Bremer-support values were calculated using methods outlined by Bremer(1988) and defined by Källersjö et al. (1992) using the branch and bound search algorithm. Support was also derived from 100 bootstrap replicates using the heuristic search option. Bremer and bootstrap support measures are shown in Fig. 2. Bremer support shows overall collapse above node 1 after one step (Fig. 2b). However, the brisingidan and zoroasterid clades show Bremer support values of at least 3 (Fig. 2b).
Bootstrap analysis (Fig. 2a) does not support the tree topology summarized by the 50% consensus tree in Fig. 1. Nodes 1 and 2 are relatively well supported by the bootstrap analysis. Four clades, the Brisingida (99%), the Coscinasteriinae (65%), the Zoroasteridae plus Neomorphasteridae (98%), and the Asteriidae (62%) are also relatively strong branches.
Previous phylogenetic hypotheses
Blake (1987) separated post-Paleozoic asteroids into two branches, the Forcipulatacea and the Spinulosacea plus Valvatacea; this interpretation was consistent with that of Fisher (1923, 1928). Gale (1987) in contrast, recognized the Paxillosida as the sister group to the remaining living orders, the Forcipulatida, Valvatida and, Notomyotida, in his terminology. Gale's positioning of the Paxillosida is in keeping with views of Mortensen (1922). Both of these studies generalized approximately at the familial level.
Based on combined morphological and molecular data, the reconstruction of Lafay et al. (1995) is in general agreement with the tree topology of Gale (1987), whereas the molecular phylogeny by Wada et al., (1996) places the forcipulataceans high in the asteroid tree as the sister group to the Asterinidae. Littlewood et al., (1997) presented two most parsimonious total-evidence trees. The first tree, including SSU rRNA data, showed a paxillosidan (Astropecten) as the sister to a branch containing a forcipulatacean(Asterias) and a valvatidan (Porania). The second tree included LSU rRNA data, and it showed a forcipulatacean (Asterias) as the sister taxon to a valvatidan (Asterina) (sensuBlake,1987) and a velatidan (Crossaster).
Matsuoka et al., (1994) examined genetic distance among five species of Japanese forcipulataceans. They generated a distance tree showing Asterias amurensis (Asteriidae) and Plazaster borealis(Labidiasteridae) on one branch and Aphelasterias japonica (Coscinasteriinae) and Distolasterias nipon (Coscinasteriinae) on its sister branch. Coscinasterias acutispina (Coscinasteriinae) was most distant from all four species. Wada et al., (1996) showed a coscinasterine (Coscinasterias) as the sister branch to a branch including an asteriid (Asterias) and a coscinasterine (Distolasterias).
The molecular phylogeny of Knott and Wray (2000) includes exemplars from the Asteriidae, Brisingida, Coscinasteriinae, Heliasteridae, Labidiasteridae, Pycnopodiinae, and Zoroasteridae. Their preliminary reconstruction supports the Forcipulatacea as monophyletic but suggests that many subfamilial and familial groupings are paraphyletic.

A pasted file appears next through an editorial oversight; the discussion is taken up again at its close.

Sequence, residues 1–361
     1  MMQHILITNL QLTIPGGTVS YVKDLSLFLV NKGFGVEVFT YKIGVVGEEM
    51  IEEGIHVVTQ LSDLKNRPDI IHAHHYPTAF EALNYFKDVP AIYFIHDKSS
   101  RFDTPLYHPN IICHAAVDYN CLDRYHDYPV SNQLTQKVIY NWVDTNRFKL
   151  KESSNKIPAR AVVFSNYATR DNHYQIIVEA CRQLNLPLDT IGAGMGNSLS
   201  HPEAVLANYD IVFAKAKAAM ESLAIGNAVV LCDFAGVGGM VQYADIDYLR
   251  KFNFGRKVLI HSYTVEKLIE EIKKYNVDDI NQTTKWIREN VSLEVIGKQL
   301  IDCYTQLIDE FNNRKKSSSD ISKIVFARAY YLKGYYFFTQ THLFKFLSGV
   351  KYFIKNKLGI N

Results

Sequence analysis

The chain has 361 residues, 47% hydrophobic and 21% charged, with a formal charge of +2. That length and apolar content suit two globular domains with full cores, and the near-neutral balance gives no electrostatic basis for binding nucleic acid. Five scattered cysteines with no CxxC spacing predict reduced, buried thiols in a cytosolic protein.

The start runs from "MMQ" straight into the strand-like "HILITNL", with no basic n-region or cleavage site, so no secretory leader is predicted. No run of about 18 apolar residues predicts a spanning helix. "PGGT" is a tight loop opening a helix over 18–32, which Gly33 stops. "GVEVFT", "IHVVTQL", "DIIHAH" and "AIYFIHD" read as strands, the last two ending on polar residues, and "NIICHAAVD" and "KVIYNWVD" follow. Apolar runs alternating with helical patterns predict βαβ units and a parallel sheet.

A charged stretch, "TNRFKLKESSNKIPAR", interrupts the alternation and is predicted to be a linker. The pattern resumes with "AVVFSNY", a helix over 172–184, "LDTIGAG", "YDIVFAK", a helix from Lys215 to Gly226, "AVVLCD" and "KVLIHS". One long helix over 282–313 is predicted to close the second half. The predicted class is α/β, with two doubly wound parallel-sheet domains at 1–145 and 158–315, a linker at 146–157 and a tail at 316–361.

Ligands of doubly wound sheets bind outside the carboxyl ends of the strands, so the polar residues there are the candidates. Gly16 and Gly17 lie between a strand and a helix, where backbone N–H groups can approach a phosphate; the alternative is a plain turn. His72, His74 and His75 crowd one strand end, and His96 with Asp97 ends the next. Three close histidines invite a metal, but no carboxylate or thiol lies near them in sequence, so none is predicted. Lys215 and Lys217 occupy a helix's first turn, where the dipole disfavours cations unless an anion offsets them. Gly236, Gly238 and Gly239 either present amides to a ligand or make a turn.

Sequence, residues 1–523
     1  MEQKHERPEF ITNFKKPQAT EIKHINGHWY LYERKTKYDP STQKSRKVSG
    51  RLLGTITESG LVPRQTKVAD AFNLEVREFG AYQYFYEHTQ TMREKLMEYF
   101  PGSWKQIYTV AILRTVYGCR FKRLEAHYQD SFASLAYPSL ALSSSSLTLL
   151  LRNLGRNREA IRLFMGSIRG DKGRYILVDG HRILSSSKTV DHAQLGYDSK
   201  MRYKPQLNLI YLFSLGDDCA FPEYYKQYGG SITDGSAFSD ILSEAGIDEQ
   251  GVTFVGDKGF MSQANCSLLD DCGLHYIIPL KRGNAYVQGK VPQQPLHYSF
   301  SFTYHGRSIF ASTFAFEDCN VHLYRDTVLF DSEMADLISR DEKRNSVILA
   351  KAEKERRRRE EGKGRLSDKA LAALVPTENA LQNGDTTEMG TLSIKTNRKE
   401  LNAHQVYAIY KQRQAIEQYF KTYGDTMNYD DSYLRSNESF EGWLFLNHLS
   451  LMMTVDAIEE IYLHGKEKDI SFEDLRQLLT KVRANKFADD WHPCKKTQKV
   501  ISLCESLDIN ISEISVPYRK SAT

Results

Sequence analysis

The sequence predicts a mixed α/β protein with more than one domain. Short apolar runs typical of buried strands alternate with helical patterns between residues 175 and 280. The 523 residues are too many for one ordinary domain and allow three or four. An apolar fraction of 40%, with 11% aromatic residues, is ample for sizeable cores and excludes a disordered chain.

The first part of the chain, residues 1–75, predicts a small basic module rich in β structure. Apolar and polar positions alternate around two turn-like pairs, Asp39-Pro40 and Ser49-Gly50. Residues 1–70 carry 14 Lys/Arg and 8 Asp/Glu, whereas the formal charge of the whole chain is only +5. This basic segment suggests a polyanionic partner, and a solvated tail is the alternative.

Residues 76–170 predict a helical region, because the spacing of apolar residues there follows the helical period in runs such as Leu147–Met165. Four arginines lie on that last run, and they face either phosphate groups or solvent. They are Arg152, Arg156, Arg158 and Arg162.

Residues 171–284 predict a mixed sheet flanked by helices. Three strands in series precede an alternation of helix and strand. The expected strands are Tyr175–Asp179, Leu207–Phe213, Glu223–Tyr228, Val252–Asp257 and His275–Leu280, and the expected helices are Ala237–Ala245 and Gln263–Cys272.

The inconsistencies probably reflect both incomplete taxon sampling and morphological homoplasy derived from separate lineages adapting to broadly similar habitats over long periods of geologic time.
Higher versus intermediate level taxon sampling
Results obtained from generic level sampling differ in important ways from earlier morphological treatments of Blake (1987) and Gale (1987). Brisingidans, rooted at or near the base of the tree in both Blake (1987) and Gale (1987), are here nested high in the tree, above node 10, and they are therefore considered derived. For comparative purposes, the Brisingida were placed at the base of the tree using MacClade, which added 7 steps and changed the tree topology from 69 to 76 steps. Brisingidans resemble labidiasterids, and the two were placed together by Perrier (1885). Ten of 12 most parsimonious trees show the labidiasterid clade (Fig. 1: node 11) as sister group to the Brisingida (Fig. 1: node 10), but support for this arrangement from Bremer and bootstrap measures was absent.
Figure 1 shows the pedicellasterid genera Ampheraster and Pedicellaster as the sister branches to the other extant forcipulataceans. Figure 2 does not show much support from either Bremer or bootstrap measures for Ampheraster or Pedicellaster as the sister clade to the Forcipulatida. However, pedicellasterids were not included in earlier more broadly sampled studies (e.g.,Blake, 1987; Gale, 1987), and it is important to note their inclusion in a tree topology that significantly differs from those of Blake (1987) or Gale (1987).
Paraphyly within the forcipulatacea
The Forcipulatacea is monophyletic (Fig. 1), a conclusion consistent with perspectives extending back to Fisher (1923, 1928, 1930). Many of the historical subgroupings (e.g., the Pedicellasteridae, the Asteriidae) within the Forcipulatacea show varying degrees of paraphyly. However, the present study, although more detailed in generic sampling than those of earlier cladistic morphological studies, only reaffirms rather than resolves the perplexing picture of relationships among the Forcipulatida.